Bioko Island, Equatorial Guinea, is playing an important role in the world of malaria research for an island roughly half the size of Rhode Island. It has been the home of the acclaimed Bioko Island Malaria Control Project (BIMCP) since 2004, and the Equatoguinean Malaria Vaccine Initiative (EGMVI) since 2014. Both are being coordinated by Mitoha Ondo’o Ayekaba, a 2017 Tutu Fellow.
The series of FDA clinical trials and scientific research capacity-building efforts are transforming Equatorial Guinea into a proving ground for a vaccine that could accelerate the world's elimination of malaria. An effective vaccine would be a game-changer.
EGMVI, as well as the Bioko Island Malaria Control Program, is a multi-million and a multi-year social investment funded by Marathon Oil Equatorial Guinea Production Limited. Since its inception in 2013, Mitoha has been instrumental in insuring the effective implementation of the EGMVI, doing advocacy work, stakeholder engagement within the country and internationally, in order to maintain alive the elimination goal.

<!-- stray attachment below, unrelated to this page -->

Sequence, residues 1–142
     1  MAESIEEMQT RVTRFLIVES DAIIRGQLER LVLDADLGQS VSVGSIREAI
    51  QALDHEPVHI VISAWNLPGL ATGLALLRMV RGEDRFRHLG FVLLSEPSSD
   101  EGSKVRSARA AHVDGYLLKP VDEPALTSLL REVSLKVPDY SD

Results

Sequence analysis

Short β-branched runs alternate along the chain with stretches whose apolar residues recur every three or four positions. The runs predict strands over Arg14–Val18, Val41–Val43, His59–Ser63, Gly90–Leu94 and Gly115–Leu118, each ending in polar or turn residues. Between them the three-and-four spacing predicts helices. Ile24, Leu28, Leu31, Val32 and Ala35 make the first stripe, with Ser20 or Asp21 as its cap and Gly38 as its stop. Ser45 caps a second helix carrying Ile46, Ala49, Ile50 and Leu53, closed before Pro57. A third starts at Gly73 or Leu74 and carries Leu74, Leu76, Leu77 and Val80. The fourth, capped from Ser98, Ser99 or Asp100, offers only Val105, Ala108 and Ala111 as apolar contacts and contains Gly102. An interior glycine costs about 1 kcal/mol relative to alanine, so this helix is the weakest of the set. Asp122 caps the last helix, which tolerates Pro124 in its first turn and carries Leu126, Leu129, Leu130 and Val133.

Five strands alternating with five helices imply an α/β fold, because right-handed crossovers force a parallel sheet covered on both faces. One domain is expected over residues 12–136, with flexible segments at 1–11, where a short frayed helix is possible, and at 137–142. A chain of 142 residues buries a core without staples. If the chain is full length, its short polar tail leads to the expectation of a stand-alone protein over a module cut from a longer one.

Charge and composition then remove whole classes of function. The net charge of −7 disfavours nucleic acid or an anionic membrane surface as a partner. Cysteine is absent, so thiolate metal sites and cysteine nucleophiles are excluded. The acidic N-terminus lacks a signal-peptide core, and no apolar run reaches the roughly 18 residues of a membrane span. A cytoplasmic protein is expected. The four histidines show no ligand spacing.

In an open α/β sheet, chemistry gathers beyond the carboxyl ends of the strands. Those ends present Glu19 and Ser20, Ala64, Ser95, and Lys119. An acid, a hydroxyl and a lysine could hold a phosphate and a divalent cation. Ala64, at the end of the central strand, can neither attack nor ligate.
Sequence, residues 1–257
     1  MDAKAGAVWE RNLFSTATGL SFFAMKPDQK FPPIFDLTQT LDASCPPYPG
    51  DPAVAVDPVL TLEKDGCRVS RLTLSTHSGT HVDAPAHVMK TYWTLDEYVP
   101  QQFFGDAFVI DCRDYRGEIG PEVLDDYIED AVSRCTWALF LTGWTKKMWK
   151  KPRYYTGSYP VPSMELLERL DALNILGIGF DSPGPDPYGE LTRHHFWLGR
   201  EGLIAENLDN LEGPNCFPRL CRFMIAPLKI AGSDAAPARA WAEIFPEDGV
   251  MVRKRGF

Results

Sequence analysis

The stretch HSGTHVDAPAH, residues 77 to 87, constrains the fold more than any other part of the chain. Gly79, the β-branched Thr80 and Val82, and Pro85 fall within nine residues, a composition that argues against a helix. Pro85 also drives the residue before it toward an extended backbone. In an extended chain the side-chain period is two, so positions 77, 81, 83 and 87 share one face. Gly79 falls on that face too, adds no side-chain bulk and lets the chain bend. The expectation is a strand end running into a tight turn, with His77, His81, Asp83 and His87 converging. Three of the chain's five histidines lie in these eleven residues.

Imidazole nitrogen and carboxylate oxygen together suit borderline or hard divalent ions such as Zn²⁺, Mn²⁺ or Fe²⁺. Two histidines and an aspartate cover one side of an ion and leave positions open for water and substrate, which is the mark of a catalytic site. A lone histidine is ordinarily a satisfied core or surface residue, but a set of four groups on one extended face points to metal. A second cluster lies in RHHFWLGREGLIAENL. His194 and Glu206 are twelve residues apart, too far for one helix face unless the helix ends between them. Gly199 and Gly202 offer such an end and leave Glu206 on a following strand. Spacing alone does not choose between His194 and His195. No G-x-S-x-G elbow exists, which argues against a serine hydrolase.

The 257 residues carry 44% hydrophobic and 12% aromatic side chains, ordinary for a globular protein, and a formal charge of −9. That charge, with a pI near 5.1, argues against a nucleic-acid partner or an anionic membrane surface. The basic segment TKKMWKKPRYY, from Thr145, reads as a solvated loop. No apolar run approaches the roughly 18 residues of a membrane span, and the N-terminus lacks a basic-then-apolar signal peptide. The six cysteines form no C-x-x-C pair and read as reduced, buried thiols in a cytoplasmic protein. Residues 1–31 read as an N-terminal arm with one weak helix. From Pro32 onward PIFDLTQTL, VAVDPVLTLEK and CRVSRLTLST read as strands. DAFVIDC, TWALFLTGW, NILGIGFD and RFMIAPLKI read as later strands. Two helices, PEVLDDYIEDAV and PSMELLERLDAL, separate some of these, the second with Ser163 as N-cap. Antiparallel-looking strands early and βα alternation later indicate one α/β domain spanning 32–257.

The work he is doing has been recognised by the American Journal of Tropical Medicine and Hygiene in which he is included in a paper titled: Advancing Global Health through Development and Clinical Trials Partnerships: A Randomized, Placebo-Controlled, Double-Blind Assessment of Safety, Tolerability, and Immunogenicity of Plasmodium falciparum Sporozoites Vaccine for Malaria
in Healthy Equatoguinean Men. The paper covers the implementation of the malaria control program on Bioko Island, along with the development of a vaccine that could lead to halting transmission and eliminating malaria. The vaccine is called Sanaria Plasmodium falciparum sporozoites and it was safe and well tolerated well by those who received it in the double-blind phase 1 trial and results were sufficiently promising for a phase II trial.
You can read more on the trial and vaccine at the American Journal of Tropical Medicine.